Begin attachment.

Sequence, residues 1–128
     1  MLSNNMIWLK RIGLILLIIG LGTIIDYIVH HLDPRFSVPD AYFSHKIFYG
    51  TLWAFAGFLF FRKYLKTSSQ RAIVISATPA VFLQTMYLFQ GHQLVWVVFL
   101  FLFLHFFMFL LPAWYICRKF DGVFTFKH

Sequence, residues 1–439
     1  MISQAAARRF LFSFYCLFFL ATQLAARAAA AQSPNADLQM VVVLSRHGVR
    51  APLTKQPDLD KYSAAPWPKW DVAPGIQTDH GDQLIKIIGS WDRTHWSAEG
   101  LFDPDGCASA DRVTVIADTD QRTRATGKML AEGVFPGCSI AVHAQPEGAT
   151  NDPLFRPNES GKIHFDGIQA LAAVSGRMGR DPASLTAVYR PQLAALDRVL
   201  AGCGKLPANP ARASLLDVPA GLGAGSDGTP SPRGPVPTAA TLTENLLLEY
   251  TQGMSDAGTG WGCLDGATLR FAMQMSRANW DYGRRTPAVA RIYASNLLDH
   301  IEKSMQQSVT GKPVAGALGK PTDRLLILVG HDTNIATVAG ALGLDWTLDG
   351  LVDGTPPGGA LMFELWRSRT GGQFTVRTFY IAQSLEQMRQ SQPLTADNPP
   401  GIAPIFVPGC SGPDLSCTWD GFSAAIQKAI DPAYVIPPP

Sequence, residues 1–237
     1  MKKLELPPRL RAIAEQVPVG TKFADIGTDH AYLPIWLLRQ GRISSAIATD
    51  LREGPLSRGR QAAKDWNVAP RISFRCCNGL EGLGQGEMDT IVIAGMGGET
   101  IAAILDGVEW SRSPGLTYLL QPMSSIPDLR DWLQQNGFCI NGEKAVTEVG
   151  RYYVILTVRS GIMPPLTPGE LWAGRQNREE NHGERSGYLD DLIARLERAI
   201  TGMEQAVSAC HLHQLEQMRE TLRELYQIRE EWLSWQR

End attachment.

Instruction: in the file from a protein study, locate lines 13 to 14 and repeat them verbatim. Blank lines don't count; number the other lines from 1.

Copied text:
   351  LVDGTPPGGA LMFELWRSRT GGQFTVRTFY IAQSLEQMRQ SQPLTADNPP
   401  GIAPIFVPGC SGPDLSCTWD GFSAAIQKAI DPAYVIPPP